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AP Reviews

Discussion in 'AP Magazine Feedback & Suggestions' started by BOB-R, Aug 9, 2015.

  1. Sejanus.Aelianus

    Sejanus.Aelianus In the Stop Bath

    I was lucky in that it worked a treat on my Eos 5 and I wish it had been carried on to the dSLR range.

    Perhaps the different opinions from users indicates that Canon hadn't worked out how to make it adapt to a wide enough range of eye types?
     
  2. 0lybacker

    0lybacker In the Stop Bath

    Funny thing, but since multi-point AF arrived, I don't think I have ever read of a tester questioning the arrangement of AF points or whether we really need 23 or 47 or 58 or just 5 or 9. Don't recall, either, having read a magazine tester expressing doubts over the fixed pivot or restricted fold out (as compared to fully articulated) screen on digital cameras or questioning what is most effective in use. Questions, questions, but not being asked. Why?

    I think we should be told. :)
     
  3. Andy Westlake

    Andy Westlake AP Staff

    I can only assume that you don't read camera reviews very carefully then, if at all. We address these questions all the time.

    Andy Westlake
    Technical Editor, Amateur Photographer
     
  4. 0lybacker

    0lybacker In the Stop Bath

    Nick, that's interesting. Wonder if that's connected to your reaction to EVFs? Admittedly I only handled an EOS with ECF a handful of times but I could never get it to work reliably for me. An unreliable camera is no good to a working photographer. Cheers, Oly
     
  5. 0lybacker

    0lybacker In the Stop Bath

    Senator, have you handled some of the latest, small, DSLRs and tripped their shutters? Mere whispers compared to Sony mirrorless A series in standard setting. Cheers, Oly
     
  6. Roger_Provins

    Roger_Provins Well-Known Member

    Nah, I like to hear a good solid thwack then I know I've definitely taken a photo. :)
     
  7. Atavar

    Atavar Well-Known Member

    Best AF module I ever used was the Nikon Multi-Cam 2000 in the D2h - 11 points with focus tracking that glued the subject to the focus point and just would not let go. Even the benchmark Multi Cam 3500 51 point was not as capable in this respect, from my personal experience, the 2000 is where I got my sloppy habit of focus and recompose using tracking to keep everything crisp.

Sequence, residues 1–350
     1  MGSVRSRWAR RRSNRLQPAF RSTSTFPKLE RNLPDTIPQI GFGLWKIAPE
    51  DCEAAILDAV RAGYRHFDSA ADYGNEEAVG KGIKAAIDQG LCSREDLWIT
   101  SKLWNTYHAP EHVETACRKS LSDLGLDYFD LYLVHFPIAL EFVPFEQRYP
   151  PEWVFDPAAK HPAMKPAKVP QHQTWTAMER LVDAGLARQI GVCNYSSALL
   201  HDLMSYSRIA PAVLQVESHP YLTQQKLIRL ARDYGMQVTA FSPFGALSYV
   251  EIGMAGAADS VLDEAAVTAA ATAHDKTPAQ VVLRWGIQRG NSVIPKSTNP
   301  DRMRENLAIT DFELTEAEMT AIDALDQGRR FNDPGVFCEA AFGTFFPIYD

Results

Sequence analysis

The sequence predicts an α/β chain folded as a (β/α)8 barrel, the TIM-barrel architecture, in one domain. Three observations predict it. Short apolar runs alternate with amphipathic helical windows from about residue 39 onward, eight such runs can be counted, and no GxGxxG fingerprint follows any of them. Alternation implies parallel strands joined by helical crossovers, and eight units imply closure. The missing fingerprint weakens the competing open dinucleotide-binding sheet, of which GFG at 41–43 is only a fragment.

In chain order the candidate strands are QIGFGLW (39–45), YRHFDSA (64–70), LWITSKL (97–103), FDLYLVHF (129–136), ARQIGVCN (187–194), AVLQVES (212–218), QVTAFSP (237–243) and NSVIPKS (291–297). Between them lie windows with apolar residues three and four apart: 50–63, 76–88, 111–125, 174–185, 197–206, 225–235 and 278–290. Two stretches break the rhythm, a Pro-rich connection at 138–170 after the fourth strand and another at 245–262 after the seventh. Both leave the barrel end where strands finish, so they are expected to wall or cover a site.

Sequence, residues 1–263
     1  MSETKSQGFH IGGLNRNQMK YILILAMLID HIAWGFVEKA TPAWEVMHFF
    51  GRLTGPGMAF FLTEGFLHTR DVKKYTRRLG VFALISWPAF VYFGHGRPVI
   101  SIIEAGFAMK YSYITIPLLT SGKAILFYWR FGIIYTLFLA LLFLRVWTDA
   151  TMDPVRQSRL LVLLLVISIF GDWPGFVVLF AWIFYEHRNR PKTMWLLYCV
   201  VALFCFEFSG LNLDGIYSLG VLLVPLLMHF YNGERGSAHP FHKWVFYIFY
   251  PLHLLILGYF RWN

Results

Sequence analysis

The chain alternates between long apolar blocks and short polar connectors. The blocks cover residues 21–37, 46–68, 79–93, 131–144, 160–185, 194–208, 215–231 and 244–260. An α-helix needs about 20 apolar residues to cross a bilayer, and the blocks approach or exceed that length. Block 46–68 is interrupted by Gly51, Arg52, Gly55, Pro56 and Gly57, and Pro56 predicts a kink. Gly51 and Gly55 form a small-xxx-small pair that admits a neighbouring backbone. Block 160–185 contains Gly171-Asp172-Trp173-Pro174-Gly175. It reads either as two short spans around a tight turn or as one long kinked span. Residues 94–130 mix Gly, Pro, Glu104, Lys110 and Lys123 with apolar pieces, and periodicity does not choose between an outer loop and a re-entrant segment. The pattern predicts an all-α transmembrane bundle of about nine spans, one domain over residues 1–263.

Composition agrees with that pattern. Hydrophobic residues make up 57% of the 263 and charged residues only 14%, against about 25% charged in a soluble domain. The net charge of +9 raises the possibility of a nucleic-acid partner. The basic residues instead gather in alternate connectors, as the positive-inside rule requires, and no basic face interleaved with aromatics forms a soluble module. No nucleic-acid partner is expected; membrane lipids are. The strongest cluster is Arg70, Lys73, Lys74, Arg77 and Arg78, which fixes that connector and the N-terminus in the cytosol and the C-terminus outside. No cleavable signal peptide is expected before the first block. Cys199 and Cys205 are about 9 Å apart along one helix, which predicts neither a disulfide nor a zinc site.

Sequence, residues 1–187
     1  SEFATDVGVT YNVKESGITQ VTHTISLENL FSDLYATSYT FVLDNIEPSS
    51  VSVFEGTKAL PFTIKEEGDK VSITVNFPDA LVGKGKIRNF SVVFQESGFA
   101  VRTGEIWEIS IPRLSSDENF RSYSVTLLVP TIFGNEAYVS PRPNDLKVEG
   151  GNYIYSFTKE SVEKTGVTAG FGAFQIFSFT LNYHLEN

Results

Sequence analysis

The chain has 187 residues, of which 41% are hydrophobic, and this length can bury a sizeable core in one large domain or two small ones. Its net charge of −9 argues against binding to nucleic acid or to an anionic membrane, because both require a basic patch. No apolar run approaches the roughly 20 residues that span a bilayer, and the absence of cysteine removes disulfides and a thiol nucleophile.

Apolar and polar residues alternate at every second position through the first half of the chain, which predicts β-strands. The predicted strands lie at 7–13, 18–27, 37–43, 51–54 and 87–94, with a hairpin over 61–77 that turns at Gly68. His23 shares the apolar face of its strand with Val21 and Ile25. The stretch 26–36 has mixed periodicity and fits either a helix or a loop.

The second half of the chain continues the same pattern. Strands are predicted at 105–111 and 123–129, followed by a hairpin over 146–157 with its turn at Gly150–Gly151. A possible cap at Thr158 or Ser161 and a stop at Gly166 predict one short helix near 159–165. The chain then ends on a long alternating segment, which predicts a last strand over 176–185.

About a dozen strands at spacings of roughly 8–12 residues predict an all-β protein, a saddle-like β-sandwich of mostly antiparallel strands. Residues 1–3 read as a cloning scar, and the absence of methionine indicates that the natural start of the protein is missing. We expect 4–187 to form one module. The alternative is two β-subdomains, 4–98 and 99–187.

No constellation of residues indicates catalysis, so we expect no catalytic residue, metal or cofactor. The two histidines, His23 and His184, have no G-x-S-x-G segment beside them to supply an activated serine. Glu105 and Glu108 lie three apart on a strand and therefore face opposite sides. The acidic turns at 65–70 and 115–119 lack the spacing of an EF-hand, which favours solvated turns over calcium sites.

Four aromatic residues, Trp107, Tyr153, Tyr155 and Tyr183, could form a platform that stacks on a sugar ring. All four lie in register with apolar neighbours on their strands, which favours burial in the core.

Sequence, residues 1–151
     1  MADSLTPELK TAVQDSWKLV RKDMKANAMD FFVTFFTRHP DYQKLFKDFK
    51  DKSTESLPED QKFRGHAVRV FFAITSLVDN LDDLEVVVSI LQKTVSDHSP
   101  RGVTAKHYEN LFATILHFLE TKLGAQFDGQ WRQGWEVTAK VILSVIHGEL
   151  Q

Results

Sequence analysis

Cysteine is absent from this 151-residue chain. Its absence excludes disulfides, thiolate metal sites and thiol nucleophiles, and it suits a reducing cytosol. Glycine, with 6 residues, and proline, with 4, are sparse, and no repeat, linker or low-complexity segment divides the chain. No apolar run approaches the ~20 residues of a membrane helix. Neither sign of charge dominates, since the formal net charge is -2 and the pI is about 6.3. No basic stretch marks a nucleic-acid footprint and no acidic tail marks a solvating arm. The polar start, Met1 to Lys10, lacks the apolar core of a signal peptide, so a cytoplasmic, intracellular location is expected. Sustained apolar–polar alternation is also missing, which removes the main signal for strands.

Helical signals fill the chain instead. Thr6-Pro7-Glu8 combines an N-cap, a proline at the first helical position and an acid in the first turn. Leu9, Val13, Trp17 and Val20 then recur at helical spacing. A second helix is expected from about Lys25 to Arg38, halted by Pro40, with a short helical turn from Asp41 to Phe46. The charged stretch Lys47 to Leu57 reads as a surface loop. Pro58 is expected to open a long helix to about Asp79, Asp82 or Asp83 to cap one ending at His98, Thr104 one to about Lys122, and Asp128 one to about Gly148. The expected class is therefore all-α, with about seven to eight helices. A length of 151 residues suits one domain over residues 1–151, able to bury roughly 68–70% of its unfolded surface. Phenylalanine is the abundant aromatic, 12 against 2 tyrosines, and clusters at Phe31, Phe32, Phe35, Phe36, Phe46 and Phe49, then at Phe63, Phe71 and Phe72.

No need to touch the buttons, the screen, nothing, just lock focus and you are sorted...
     
  8. Ffolrord

    Ffolrord Well-Known Member

    Pentax K3ii. The cons are a lack of touch screen/articulated screen; wifi and only 27 AF points.

    None of those things are what I need but maybe there is an expectation that all cameras should have them. Certainly reviews will help push opinion that way. I wonder to what extent the megapixel race (not a good thing in my opinion and a major reason why I have stuck with an older camera) was also influenced by reviews pointing out that other camera had more pixels.

    The inclusion of wi-fi and an articulated, touch screen would obviously have pushed the price higher than the price which compares rather well to its rivals.

    I still don't get why 27 af points isn't enough.
     
  9. 0lybacker

    0lybacker In the Stop Bath

    I'd vote for nine, max, or even just five if arranged Saltire-fashion. How did we manage when we only had one? People must have taken very few pictures in those days. Cheers, Oly
     
  10. PeteRob

    PeteRob Well-Known Member


    Was there ever just one point? There was focus assistance in the centre of a traditional ( pre autofocus SLR) screen but the whole could be used especially on medium format.
     
  11. Ffolrord

    Ffolrord Well-Known Member

    The Pentax K3ii has 27 autofocus points of which 25 are the more accurate cross type.